What is naloxone?
Naloxone is a life-saving medication that can reverse an overdose from opioids, including heroin, fentanyl, and prescription opioid medications.1 Often given as a nasal spray, naloxone is safe and easy to use.
How does naloxone work and how do you use it?
Naloxone quickly reverses an overdose by blocking the effects of opioids. It can restore normal breathing within 2 to 3 minutes2 in a person whose breath has slowed, or even stopped, as a result of opioid overdose. More than one dose of naloxone may be required when stronger opioids like fentanyl are involved.3
Naloxone is easy to use and light to carry. There are two forms of naloxone that anyone can use without medical training or authorization:
Prefilled devices that spray medication into the nose.
Prefilled devices that inject medication into the outer thigh.
If you give someone naloxone, stay with them until emergency help arrives or for at least four hours to make sure their breathing returns to normal.3
Good Samaritan laws are in place in most states to protect those who are overdosing and anyone assisting them in an emergency from arrest, charges, or a combination of these. Learn about the laws in your stateexternal icon.
Why carry naloxone?
Naloxone saves lives
Nearly 50,000 people died from an opioid-involved overdose in 2019.4 One study found that bystanders were present in more than one in three overdoses involving opioids.4 With the right tools, bystanders can act to prevent overdose deaths. Anyone can carry naloxone, give it to someone experiencing an overdose, and potentially save a life. Naloxone won’t harm someone3 if they’re overdosing on drugs other than opioids, so it’s always best to use it if you think someone is overdosing.
Who should carry naloxone?
If you or someone you know is at increased risk for opioid overdose, especially those struggling with opioid use disorder (OUD), you should carry naloxone and keep it at home. People who are taking high-dose opioid medications (greater or equal to 50 morphine milligram equivalents per day) prescribed by a doctor, people who use opioids and benzodiazepines together, and people who use illicit opioids like heroin should all carry naloxone. Because you can’t use naloxone on yourself, let others know you have it in case you experience an opioid overdose.
Carrying naloxone is no different than carrying an epinephrine auto-injector (commonly known by the brand name EpiPen) for someone with allergies. It simply provides an extra layer of protection for those at a higher risk for overdose.
In nearly 40% of overdose deaths, someone else was present.5 Having naloxone available allows bystanders to help a fatal overdose and save lives.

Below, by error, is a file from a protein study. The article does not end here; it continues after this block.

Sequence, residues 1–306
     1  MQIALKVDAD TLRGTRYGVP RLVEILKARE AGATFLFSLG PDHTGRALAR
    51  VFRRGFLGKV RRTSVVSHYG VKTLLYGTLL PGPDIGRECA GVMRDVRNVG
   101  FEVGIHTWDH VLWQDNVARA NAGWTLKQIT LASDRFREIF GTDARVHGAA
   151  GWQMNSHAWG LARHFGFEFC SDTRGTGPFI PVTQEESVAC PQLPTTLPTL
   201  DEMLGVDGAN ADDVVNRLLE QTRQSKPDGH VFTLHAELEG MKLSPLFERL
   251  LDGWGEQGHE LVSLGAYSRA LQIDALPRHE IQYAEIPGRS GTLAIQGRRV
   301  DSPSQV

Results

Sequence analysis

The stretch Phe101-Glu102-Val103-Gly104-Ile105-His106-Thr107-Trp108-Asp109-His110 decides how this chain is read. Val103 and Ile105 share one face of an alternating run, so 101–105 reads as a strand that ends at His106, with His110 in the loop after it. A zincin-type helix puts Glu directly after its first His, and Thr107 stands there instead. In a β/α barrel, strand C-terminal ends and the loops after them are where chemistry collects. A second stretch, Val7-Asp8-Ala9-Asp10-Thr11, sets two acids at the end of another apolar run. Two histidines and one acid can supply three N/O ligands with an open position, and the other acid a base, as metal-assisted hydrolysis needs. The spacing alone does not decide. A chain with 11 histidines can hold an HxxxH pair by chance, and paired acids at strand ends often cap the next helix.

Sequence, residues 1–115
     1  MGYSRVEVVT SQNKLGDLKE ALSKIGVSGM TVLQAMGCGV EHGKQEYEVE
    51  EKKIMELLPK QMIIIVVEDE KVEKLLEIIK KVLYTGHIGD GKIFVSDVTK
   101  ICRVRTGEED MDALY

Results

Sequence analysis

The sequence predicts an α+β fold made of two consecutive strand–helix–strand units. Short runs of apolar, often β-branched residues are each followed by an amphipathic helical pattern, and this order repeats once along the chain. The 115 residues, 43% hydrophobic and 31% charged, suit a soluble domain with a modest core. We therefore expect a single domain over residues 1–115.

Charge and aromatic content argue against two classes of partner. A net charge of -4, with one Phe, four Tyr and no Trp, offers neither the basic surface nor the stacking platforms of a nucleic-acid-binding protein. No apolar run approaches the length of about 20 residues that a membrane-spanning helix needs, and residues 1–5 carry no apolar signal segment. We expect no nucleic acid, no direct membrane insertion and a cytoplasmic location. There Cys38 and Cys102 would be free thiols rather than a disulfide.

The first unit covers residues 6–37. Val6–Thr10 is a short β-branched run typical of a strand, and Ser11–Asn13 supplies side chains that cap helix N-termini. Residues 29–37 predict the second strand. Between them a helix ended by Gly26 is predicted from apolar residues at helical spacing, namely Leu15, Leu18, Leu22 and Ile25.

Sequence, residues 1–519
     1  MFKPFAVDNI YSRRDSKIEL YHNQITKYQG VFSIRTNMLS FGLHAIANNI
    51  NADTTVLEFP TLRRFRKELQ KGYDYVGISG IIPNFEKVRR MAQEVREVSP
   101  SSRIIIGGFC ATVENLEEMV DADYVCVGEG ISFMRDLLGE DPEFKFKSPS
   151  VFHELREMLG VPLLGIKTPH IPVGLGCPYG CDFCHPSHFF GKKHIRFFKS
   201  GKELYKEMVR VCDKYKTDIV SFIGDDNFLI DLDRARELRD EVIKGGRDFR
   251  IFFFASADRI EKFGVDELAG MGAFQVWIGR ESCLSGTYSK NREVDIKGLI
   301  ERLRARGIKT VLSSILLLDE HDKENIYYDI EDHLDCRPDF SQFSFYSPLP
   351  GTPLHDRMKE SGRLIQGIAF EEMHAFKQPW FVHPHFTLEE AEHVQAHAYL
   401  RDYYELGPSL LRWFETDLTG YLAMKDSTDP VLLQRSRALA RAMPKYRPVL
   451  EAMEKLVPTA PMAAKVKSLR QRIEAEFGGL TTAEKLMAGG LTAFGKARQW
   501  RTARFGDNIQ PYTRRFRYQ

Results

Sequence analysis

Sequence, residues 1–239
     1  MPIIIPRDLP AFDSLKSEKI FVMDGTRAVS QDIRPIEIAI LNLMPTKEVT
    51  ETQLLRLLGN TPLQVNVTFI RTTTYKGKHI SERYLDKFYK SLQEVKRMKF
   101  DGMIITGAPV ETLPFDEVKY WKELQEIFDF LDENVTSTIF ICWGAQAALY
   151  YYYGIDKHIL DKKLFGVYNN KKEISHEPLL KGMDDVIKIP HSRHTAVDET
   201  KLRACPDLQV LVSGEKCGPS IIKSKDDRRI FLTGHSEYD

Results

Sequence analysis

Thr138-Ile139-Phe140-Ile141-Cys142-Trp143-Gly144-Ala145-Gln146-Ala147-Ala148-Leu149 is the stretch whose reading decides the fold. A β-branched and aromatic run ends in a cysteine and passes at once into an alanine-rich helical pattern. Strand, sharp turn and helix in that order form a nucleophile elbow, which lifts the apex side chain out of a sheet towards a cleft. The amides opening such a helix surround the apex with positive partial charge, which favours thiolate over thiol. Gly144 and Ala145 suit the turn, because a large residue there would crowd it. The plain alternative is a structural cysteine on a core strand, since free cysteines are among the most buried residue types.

Naloxone is available in your state.
Naloxone is available in all 50 states. If you have been prescribed high-dose opioids, talk to your doctor about co-prescribing naloxone. However, in most states, you can get naloxone at your local pharmacy without a prescription.1 You can also get naloxone from community-based naloxone programsexternal icon and most syringe services programsexternal icon.
Recognizing the signs of opioid overdose can save a life. Here are some things to look for:
- Small, constricted “pinpoint pupils”
- Falling asleep or losing consciousness
- Slow, weak, or no breathing
- Choking or gurgling sounds
- Limp body
- Cold and/or clammy skin
- Discolored skin (especially in lips and nails)
It may be hard to tell whether a person is high or experiencing an overdose. If you aren’t sure, treat it like an overdose—you could save a life.
Call 911 Immediately.*
Administer naloxone, if available.
Try to keep the person awake and breathing.
Lay the person on their side to prevent choking.
Stay with the person until emergency assistance arrives.
*Most states have laws that may protect a person who is overdosing or the person who called for help from legal trouble.
- Life-Saving Naloxone from Pharmacies. (2019). Centers for Disease Control and Prevention. https://www.cdc.gov/vitalsigns/naloxone/index.html
- Harm Reduction TO — Naloxone: Overdose Reversal
- Opioid Overdose Prevention Toolkit. (2018). Substance Abuse and Mental Health Services. https://store.samhsa.gov/sites/default/files/d7/priv/sma18-4742.pdfpdf iconexternal icon
- National Institutes on Health: National Institute on Drug Abuse: Overdose Death Rates
- O’Donnell J, Gladden RM, Mattson CL, Hunter CT, Davis NL. Vital Signs: Characteristics of Drug Overdose Deaths Involving Opioids and Stimulants — 24 States and the District of Columbia, January–June 2019. MMWR Morb Mortal Wkly Rep 2020;69:1189–1197. DOI: http://dx.doi.org/10.15585/mmwr.mm6935a1external icon